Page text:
With a new year comes new policy that may have significant change in how future physicians practice medicine. The Pharmaceutical Research and Manufacturers of America (PhRMA) has adopted a new code of conduct that goes into effect January 2009.

Prescription

Making drugs to fill prescriptions is a difficult task requiring years of research, money, and physicians who will prescribe them. A large sum of money is used to buy cheap pens, "free" lunches, or even more lavish gifts that entice clinicians to write a prescription for the latest wonder drug.

PhRMA has revised their code of conduct to put an end to the handouts among their distributing members. Freebies would otherwise raise the ethical question, "is my doctor prescribing this for my best interest or theirs?" Since handouts cost money, drug companies have to increase the cost to the consumer to pay for them. Why not spend the money to produce better pharmaceuticals through well funded research using the money allocated to the 'perks' column in the budget?

Medical students and practicing physicians alike will have to adjust to drug reps without cheesy stationary and edible giveaways. Perhaps the students will be fortunate to never know this ethical dilemma. Although the code attempts to curb the compensations, pharmaceuticals still remain a business that will get money in its pockets any way it can.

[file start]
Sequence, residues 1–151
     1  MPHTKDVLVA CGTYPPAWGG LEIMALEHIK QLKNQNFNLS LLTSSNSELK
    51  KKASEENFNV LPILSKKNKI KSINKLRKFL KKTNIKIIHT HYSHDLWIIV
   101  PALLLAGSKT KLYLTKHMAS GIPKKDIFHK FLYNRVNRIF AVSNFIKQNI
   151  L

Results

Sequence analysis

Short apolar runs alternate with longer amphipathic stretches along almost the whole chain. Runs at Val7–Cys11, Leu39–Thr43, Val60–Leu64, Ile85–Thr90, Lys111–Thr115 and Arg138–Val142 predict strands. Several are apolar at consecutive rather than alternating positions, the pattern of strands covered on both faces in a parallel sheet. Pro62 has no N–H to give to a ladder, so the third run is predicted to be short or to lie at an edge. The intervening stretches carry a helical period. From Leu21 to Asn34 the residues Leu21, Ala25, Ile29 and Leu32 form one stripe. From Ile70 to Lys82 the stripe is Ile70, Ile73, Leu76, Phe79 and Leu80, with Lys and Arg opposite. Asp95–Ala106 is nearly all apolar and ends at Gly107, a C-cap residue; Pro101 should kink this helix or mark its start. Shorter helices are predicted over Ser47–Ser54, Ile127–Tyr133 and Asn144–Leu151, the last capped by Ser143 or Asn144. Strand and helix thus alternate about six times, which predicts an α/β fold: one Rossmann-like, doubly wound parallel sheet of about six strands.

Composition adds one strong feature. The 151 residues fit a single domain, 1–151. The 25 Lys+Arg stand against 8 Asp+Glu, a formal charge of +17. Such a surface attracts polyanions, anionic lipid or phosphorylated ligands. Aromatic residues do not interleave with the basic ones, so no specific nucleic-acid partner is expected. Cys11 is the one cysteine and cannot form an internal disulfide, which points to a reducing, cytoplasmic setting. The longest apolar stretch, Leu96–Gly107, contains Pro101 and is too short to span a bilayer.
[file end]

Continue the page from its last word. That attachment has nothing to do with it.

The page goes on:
Clinical Corner

Blood Donation

After years of putting it off, I finally donated my blood to help the cause and it just so happens to be the National Blood Donation Month. It cost me one hour, one pint of blood and a couple signatures. In return I received one hole in the arm, a purple bandage wrap and the opportunity to help treat and potentially save the life of a patient as a medical student. Blood banks are often in great need of donors as so many patients require transfusions. If you are looking for a great way to serve, consider donating blood and helping those in need.

Sunday, January 4, 2009

Semester Two

The vacation is over and it's time to get back to work. Our semester looks to be packed with all sorts of fun.



New Year

With the new year, of course I would like to say that my resolution to study late into the night every night and stay on top of things is fitting. I know myself better than that. Although I intend to be diligent, the faculty at Touro University have also scheduled quite the load this time around.

We will finish our anatomy studies which will be replaced with neuroscience. From the second year students we hear great things about this course's difficulty. I'm sure it will show up here in some form of stress relief. Histology, physiology, OMM and physical diagnosis will continue to be a part of the curriculum throughout the remainder of our first year experience. To top things off they have included a medical jurisprudence course. Don't ask me how, but apparently this semester has less credit hours than the previous.

Being ill for the greater part of the holidays may have put a damper on things, but my recreational side could not be deprived. After all, I live in Fabulous Las Vegas and had to take advantage of the time away from school. Had I purchased all the needed books and equipment at the begining of the year, there is a good chance I wouldn't have even thought of school over break. In the meantime I am enjoying the remaining hours of my vacation. I hope you have a great and happy new year.